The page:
Monday, July 28, 2014

Population Growth as a factor of Industrial Revolution

The historians in general considered the rapid growth of population in England in the 18th and 19th centuries as more of a consequence than cause of the Industrial Revolution. The recent historical studies, based on thorough demographic research, have reversed this traditional thinking. For detailed study stetee M.W. Flinn, British Population Growth 1700-1850. London, 1970; H. J. Habakkuk, Population Growth and Economic Development Since 1970. London, 1971, W. B. Willcox and W. L. Arnstein, The Age of Aristocracy 1688-1830. Toronto 1978. All these demographic historians have clearly proved that the mid-18th century onset of rapid population growth coincided with, rather than followed, industrialization, and in that process helped the Industrial Revolution to move forward. 
The population of England and Wales increased by 15-20 percent between 1695 and 1750, by 50-60 percent between 1750 and 1801, and by nearly 100 percent between 1801 and 1851. To make it more clear, in 1695 the population figure stood at five and half millions, and by 1750 it increased to 6 millions. From `1750 the growth was rapid and in the next half century it reached 9 millions. This was doubled by 1851 to become 18 millions, and doubled again by 1901 to become 36 millions.
This fairly large population became a major factor of the Industrial Revolution. It provided abundant human resources necessary for industrial development. It provided a vast labour force absorbed in mines, factories, docks and construction works.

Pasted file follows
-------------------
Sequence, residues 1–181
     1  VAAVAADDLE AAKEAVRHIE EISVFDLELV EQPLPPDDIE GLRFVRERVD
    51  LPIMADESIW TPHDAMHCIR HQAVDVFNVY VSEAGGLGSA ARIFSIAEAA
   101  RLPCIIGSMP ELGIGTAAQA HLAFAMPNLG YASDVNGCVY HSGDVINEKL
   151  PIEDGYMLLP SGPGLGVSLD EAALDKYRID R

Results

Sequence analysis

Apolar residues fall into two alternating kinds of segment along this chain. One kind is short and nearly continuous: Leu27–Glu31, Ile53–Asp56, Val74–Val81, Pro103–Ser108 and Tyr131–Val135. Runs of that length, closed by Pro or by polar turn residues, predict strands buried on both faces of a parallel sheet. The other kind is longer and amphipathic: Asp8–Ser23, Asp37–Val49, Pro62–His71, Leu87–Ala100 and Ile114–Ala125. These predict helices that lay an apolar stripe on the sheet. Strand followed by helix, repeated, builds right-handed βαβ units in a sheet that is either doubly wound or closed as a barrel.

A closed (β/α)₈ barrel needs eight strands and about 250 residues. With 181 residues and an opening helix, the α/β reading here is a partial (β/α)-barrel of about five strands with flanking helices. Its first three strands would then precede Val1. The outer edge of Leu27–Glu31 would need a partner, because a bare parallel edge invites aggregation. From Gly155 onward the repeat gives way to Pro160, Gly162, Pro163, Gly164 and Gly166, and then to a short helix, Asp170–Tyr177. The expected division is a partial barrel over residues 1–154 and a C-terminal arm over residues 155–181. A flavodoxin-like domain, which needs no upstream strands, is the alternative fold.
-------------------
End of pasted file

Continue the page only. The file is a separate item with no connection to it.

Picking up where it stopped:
The population growth not only provided the labour force, but also created huge technical man-power and a sizeable section of the entrepreneurial class. This is a very significant aspect of the population growth. The most potential beneficiaries of the better food and better medical facilities had been the middle and lower middle classes. The children born in these middle class families had a high survival rate. This, according to Prof. Plumb, was “the greatest stimulant of all”. The growing world of industrial activities offered them numerous opportunities of advancements. With some education, a little capital and the support of some influential relative, an enterprising youngmen belonging to ordinary or lower middle classes could make a wonderful success story. The early industrial capitalists – Walt, Wedgewood, Arkwright, Fielden, Peel, Wilkinson and many others – all came from the lower middle class. Thus, the population growth and Industrial Revolution were at the outset independent phenomena but became inter-dependent as time passed on.

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